DITCHFIELD, Peter Hampaon, English author and clergyman : b. Westhoughton, Lan cashire, 20 April 1854. He was educated at Oriel College, Oxford, entered the Anglican priesthood, and has been rector of Barkham, Berkshire, from 1886. He is a prolific writer, especially in the field of ecclesiastical and gen eral antiquities; wrote in 10 volumes 'The Na tional Churches Series' (1891-97) ; contributed the volumes on Buckinghamshire, Oxford, Kent, London, Lancashire and Cheshire to the 'Me morials of County History Series,) and acted as general editor.
DITHYFtAMBUS, or DITHYRAMB, in Greek literature, a form of lyric or poem sung in honor of the god Dionysus (Bacchus) at his festivals. Since these festivals were celebrated with all the extravagance which would please the god of wine, the dithyrambs employed in his worship naturally breathed the same frenzy. The character of the dithyrambus therefore re quires bold images and lofty periods. The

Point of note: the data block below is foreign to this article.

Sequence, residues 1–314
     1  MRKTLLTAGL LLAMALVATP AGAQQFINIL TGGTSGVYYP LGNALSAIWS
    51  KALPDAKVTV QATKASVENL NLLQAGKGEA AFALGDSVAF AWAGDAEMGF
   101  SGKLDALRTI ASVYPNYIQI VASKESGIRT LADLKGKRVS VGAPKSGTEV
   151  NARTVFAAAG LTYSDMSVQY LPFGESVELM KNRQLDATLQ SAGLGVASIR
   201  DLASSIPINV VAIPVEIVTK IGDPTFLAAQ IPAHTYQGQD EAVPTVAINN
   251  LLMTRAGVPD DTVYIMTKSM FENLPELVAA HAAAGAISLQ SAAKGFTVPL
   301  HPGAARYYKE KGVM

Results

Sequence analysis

more apparent disorder it contains, the more it partakes of the fire of intoxication, the better it sustains the true dithyrambic character. In the wild Phrygian music it was sung in choirs. Arion of Methymne, in the island of Lesbos, was the first to give a regular choral form to it, about 625 a.c. Lasos of Hermione is said to have been the first who introduced dithyrambic contests into the public pines. It was out of the mournful dithyrambic songs—later intro duced — that ancient Greek tragedy took its rise. The expression dithyrambic poem denotes, also, any lyric poem filled with a wild and impetuous enthusiasm, as is the case with many odes of Pindar. 'Alexander's Feast) by Dryden (1698) is the best example of the dithyramb in English.